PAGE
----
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Thermodynamics and Heat in Physics

Getting Hotter = Getting Bigger

Now you need to think about states of matter a little bit. We'll start with gases. The idea behind thermal expansion is that gases expand as the temperature increases. If you have a balloon and you heat up the contents, the balloon will get larger. Scientists use the term ideal gas law to describe this activity.

Liquids expand and contract, too, but there is a lot less change than in gases. Scientists say they have a smaller thermal expansion coefficient. As you can probably figure out, solids expand and contract the least of all the states of matter. The expansion coefficient is different for each piece of matter. It is a unique value, just like specific heat capacity. Two examples of coefficients are air at .00367 and alcohol at .000112.

Things Shrink When They get Cold

The opposite of expansion is contraction. If things expand with the addition of heat, it makes sense that they contract when heat is removed. If you remove enough heat from a gas it will become a liquid. Liquids can turn into solids with further cooling. What happens when you remove almost all of the energy from a system? Scientists use the terms absolute zero to describe a system that has no kinetic energy. When there is no kinetic energy in a system, all molecular motion stops. It seems that even the atoms begin to merge at these low temperatures. Physicists have recently created the Bose-Einstein state of matter that has a small group of atoms with nearly all of the kinetic energy taken out of the system.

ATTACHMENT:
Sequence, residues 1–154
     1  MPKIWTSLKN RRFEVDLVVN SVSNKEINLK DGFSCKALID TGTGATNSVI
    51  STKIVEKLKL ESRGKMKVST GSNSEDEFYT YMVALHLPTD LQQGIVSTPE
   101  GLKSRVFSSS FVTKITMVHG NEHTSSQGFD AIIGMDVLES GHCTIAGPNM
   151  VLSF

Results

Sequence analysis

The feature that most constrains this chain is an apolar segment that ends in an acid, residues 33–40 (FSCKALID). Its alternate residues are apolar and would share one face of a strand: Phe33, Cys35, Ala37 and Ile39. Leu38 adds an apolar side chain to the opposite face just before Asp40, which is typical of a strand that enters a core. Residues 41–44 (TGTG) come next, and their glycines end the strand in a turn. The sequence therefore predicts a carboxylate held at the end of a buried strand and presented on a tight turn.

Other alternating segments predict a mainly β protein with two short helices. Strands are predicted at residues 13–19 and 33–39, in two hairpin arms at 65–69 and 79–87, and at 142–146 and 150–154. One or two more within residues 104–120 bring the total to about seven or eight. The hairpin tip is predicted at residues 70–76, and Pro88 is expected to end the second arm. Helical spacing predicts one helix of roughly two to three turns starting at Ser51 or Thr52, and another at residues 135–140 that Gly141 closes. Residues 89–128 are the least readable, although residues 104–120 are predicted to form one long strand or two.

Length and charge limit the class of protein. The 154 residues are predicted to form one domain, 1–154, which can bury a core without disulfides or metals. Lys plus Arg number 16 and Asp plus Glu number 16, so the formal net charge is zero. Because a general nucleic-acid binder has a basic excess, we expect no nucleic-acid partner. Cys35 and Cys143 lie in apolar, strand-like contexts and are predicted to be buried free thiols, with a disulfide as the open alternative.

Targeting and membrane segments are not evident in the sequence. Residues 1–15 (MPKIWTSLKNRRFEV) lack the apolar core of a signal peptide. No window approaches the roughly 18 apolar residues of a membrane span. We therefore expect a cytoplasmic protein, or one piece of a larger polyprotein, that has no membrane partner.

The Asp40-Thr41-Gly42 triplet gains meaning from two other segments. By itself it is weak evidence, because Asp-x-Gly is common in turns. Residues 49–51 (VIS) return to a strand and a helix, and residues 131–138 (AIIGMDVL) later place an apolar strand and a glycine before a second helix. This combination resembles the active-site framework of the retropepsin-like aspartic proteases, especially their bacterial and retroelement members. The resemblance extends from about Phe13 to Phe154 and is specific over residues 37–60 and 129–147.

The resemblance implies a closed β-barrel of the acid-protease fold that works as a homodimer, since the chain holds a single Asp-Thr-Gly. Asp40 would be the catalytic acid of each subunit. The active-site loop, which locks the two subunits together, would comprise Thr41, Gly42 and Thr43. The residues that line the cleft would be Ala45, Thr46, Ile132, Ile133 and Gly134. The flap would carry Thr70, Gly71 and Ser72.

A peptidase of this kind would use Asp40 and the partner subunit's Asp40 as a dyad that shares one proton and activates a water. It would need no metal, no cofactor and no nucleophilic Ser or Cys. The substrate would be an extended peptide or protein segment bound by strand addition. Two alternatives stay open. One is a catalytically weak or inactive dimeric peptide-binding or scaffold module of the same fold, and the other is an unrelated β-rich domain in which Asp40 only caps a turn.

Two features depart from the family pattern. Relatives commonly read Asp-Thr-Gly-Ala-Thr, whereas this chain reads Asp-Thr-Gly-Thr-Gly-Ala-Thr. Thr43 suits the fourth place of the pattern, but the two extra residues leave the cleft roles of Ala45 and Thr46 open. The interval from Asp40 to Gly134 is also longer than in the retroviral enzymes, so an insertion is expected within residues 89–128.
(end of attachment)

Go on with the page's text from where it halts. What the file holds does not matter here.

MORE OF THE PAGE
Next page on thermodynamics and heat.
- Overview
- Energy Transfer
> Expansion
- Heat
- Temperatures
- Thermo. Laws
- First Law
- Second Law
- Enthalpy
- Entropy


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